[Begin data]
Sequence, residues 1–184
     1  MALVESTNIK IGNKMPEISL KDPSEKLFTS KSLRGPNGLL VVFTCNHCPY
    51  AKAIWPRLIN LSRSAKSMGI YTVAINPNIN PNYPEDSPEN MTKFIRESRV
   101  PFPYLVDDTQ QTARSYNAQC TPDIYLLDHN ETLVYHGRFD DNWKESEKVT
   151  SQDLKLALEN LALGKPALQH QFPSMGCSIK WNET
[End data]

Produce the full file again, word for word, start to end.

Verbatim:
Sequence, residues 1–184
     1  MALVESTNIK IGNKMPEISL KDPSEKLFTS KSLRGPNGLL VVFTCNHCPY
    51  AKAIWPRLIN LSRSAKSMGI YTVAINPNIN PNYPEDSPEN MTKFIRESRV
   101  PFPYLVDDTQ QTARSYNAQC TPDIYLLDHN ETLVYHGRFD DNWKESEKVT
   151  SQDLKLALEN LALGKPALQH QFPSMGCSIK WNET